The celebration of National Engineers’ Week started in 1951 by the National Society of Professional Engineers. The week occurs in February, in conjunction with President George Washington's Birthday; our first President is considered by many engineers to be the nation's first engineer because of his survey work.
Engineering has made countless contributions to enhancing modern life by making it more comfortable, safe and prosperous. Engineers use imagination and analytical skills to invent, design, improve and build things. They turn ideas into reality, apply basic research and dream up creative and practical solutions. Engineers change the world.
The engineering field is as varied as engineers themselves. Engineers design and build superstructures and delicate medical instruments. They explore for energy and better and more efficient ways to deliver it, design environmental controls for buildings and are driving innovation in wind energy, fuel cell technology, solar energy, geothermal energy, petroleum, gas, nuclear engineering, alternative energy and energy efficiency to fusion, hydrogen and superconductor technologies.
Who knows where the next great challenges and breakthroughs will be?
At DOE and the National Laboratories engineers support the discovery and design of new materials with novel structures, functions and properties that may lead to new materials for the generation, storage and use of energy or address and solve environmental impacts of energy use. Other engineers use modern tools and capabilities in the engineering sciences to ensure the safety, security, reliability and performance of the current and future U.S. nuclear weapons stockpile without having to conduct underground testing. Still other engineers are working to facilitate collaborative computational research for energy applications.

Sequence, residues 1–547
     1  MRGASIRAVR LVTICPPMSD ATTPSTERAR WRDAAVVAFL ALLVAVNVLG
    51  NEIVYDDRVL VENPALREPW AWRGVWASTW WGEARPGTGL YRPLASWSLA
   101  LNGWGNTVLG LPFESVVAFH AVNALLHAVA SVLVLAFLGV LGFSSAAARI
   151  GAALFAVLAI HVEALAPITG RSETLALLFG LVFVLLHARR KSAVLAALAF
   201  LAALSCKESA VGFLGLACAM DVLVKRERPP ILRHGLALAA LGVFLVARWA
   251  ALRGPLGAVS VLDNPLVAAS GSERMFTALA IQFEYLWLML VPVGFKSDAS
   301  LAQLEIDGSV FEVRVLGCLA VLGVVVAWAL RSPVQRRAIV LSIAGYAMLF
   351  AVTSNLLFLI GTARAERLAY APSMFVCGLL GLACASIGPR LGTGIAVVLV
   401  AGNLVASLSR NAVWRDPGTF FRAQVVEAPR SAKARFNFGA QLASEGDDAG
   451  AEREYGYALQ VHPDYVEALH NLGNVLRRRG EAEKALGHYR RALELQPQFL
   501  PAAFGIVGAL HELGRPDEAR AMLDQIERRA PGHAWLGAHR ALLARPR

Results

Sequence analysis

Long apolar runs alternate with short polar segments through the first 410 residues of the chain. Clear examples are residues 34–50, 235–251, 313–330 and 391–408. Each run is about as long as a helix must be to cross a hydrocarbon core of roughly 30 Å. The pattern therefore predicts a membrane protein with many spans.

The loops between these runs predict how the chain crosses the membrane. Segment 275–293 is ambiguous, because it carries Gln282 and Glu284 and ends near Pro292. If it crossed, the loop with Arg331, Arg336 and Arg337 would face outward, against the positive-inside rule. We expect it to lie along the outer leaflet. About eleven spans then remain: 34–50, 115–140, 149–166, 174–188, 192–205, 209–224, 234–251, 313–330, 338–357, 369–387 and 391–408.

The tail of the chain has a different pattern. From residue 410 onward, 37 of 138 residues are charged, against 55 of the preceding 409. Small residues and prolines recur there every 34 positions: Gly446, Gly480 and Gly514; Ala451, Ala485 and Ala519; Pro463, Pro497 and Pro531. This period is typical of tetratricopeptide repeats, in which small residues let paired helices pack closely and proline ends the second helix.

Do you want to know more about engineering at DOE and our national laboratories? Do you want to find your own research? Learn more about the Nobel Prize-winning work? Science Accelerator, developed by the Office of Scientific and Technical Information(OSTI) to advance discovery and to deliver science information, is a gateway to chemistry and all science at DOE, including R&D results, project descriptions, accomplishments, full text documents, conference papers, Scientific e-prints….and more. All this through a single query and with a real-time relevance ranking system that the user can design.
Celebrate National Engineers’ Week by learning more about science and engineering. Science Accelerator makes it easy. And remember to thank an engineer.
Walt Warnick, Director of the Office of Scientific and Technical Information
Dr. Warnick was elected Fellow of the American Association for the Advancement of Science (AAAS) in 2005 “for leadership in the federal scientific information community and for contributions to the conceptualization, development and implementation of innovative programs that significantly advance access to government information." He earned his Ph.D. and M.S. in Mechanical Engineering from the University of Maryland and his Bachelor of Engineering Science from The Johns Hopkins University.